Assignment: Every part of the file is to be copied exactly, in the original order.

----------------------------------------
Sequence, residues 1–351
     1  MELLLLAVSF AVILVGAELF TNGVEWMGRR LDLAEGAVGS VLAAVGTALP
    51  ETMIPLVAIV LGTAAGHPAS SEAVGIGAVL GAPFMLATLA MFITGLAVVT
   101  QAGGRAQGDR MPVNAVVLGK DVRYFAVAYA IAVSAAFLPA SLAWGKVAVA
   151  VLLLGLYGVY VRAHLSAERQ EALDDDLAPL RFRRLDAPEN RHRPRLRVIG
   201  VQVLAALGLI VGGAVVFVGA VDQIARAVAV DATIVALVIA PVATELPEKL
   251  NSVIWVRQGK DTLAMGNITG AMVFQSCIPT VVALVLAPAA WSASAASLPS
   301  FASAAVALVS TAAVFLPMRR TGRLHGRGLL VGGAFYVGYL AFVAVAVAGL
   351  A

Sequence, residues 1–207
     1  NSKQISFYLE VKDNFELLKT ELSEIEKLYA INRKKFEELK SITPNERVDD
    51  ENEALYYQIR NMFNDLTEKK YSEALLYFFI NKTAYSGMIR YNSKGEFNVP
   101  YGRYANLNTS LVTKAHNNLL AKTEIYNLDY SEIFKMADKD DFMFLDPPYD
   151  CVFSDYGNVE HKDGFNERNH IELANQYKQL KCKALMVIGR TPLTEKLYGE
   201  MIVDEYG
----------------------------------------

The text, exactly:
Sequence, residues 1–351
     1  MELLLLAVSF AVILVGAELF TNGVEWMGRR LDLAEGAVGS VLAAVGTALP
    51  ETMIPLVAIV LGTAAGHPAS SEAVGIGAVL GAPFMLATLA MFITGLAVVT
   101  QAGGRAQGDR MPVNAVVLGK DVRYFAVAYA IAVSAAFLPA SLAWGKVAVA
   151  VLLLGLYGVY VRAHLSAERQ EALDDDLAPL RFRRLDAPEN RHRPRLRVIG
   201  VQVLAALGLI VGGAVVFVGA VDQIARAVAV DATIVALVIA PVATELPEKL
   251  NSVIWVRQGK DTLAMGNITG AMVFQSCIPT VVALVLAPAA WSASAASLPS
   301  FASAAVALVS TAAVFLPMRR TGRLHGRGLL VGGAFYVGYL AFVAVAVAGL
   351  A

Sequence, residues 1–207
     1  NSKQISFYLE VKDNFELLKT ELSEIEKLYA INRKKFEELK SITPNERVDD
    51  ENEALYYQIR NMFNDLTEKK YSEALLYFFI NKTAYSGMIR YNSKGEFNVP
   101  YGRYANLNTS LVTKAHNNLL AKTEIYNLDY SEIFKMADKD DFMFLDPPYD
   151  CVFSDYGNVE HKDGFNERNH IELANQYKQL KCKALMVIGR TPLTEKLYGE
   201  MIVDEYG